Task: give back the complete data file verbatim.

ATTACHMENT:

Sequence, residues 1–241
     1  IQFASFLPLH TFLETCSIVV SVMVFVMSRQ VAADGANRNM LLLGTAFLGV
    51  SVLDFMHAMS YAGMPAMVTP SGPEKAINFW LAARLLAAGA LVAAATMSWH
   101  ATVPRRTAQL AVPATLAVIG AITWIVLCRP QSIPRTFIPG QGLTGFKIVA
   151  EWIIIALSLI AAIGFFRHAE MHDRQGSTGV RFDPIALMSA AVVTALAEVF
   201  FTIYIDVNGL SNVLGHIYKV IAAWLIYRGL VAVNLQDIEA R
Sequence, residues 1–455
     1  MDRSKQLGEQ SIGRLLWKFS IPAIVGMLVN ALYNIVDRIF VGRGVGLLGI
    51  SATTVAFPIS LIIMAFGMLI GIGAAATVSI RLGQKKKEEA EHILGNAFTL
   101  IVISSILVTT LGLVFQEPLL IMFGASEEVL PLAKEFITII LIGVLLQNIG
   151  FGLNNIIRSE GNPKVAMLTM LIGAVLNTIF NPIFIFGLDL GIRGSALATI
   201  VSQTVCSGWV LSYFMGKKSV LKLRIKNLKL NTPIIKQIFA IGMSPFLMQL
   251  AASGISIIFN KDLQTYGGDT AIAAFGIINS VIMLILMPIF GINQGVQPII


Sequence, residues 1–241
     1  IQFASFLPLH TFLETCSIVV SVMVFVMSRQ VAADGANRNM LLLGTAFLGV
    51  SVLDFMHAMS YAGMPAMVTP SGPEKAINFW LAARLLAAGA LVAAATMSWH
   101  ATVPRRTAQL AVPATLAVIG AITWIVLCRP QSIPRTFIPG QGLTGFKIVA
   151  EWIIIALSLI AAIGFFRHAE MHDRQGSTGV RFDPIALMSA AVVTALAEVF
   201  FTIYIDVNGL SNVLGHIYKV IAAWLIYRGL VAVNLQDIEA R
Sequence, residues 1–455
     1  MDRSKQLGEQ SIGRLLWKFS IPAIVGMLVN ALYNIVDRIF VGRGVGLLGI
    51  SATTVAFPIS LIIMAFGMLI GIGAAATVSI RLGQKKKEEA EHILGNAFTL
   101  IVISSILVTT LGLVFQEPLL IMFGASEEVL PLAKEFITII LIGVLLQNIG
   151  FGLNNIIRSE GNPKVAMLTM LIGAVLNTIF NPIFIFGLDL GIRGSALATI
   201  VSQTVCSGWV LSYFMGKKSV LKLRIKNLKL NTPIIKQIFA IGMSPFLMQL
   251  AASGISIIFN KDLQTYGGDT AIAAFGIINS VIMLILMPIF GINQGVQPII